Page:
The pornography problem: prayer isn’t enough

The public is becoming increasingly aware that pornography addiction is a real problem for many men and women in our culture—and Catholics are no exception.

Yet as Catholics, our first thought may be to try to eradicate any sinful behavior with some good old-fashioned perseverance and, of course, grace from the Sacrament of Confession.

I had the opportunity to talk with Dr. Peter Kleponis, a clinician who also is the Senior Advisor for Educational and Clinical Programs for Integrity Restored, who has helped many men and women in their healing journey breaking free from porn. He told me about why, most of the time, perseverance and grace are important, but they aren’t enough to break free from pornography use.

First of all, do all porn users automatically need professional help? In other words, when does a porn user become an addict? Does it parallel drug addiction?

Not everyone who struggles with pornography use is an addict. Just as a person can have an alcohol problem and not be an alcoholic, so can a person have a pornography problem and not be a porn addict. Dr. Patrick Carnes (2007) notes 10 characteristics of problematic online sexual behavior:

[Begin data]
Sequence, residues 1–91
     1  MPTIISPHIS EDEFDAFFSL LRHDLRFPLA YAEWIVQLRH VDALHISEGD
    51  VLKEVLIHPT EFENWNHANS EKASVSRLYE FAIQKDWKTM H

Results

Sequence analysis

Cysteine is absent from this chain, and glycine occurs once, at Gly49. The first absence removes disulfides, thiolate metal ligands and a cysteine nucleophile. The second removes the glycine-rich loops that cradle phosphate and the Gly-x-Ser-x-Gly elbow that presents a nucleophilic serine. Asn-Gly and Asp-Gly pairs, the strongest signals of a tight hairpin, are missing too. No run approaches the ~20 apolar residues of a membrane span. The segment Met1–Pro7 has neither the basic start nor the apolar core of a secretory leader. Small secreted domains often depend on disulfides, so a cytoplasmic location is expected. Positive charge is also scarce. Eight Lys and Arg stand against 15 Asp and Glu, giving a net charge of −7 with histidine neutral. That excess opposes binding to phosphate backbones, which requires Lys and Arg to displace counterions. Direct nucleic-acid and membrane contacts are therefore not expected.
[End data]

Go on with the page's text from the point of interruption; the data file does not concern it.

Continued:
1. Preoccupation with sex on the Internet
  2. Frequently engaging in sex on the Internet more often or for longer periods of time than intended
  3. Repeated unsuccessful efforts to control, cut back on, or stop engaging in sex on the Internet
  4. Restlessness or irritability when attempting to limit or stop engaging in sex on the Internet
  5. Using cybersex on the Internet as a way of escaping from problems or relieving feelings of helplessness, guilt, anxiety or depression
  6. Returning to sex on the Internet day after day in search of a more intense or higher-risk sexual experience
  7. Lying to family members, therapists, or others to conceal involvement with sex on the internet
  8. Committing illegal sexual acts online (for example, sending or downloading child pornography or soliciting illegal sex acts online)
  9. Jeopardizing or losing a significant relationship, job, or educational or career opportunity because of online sexual behavior
  10. Incurring significant financial consequences as a result of engaging in online sexual behavior Continue reading
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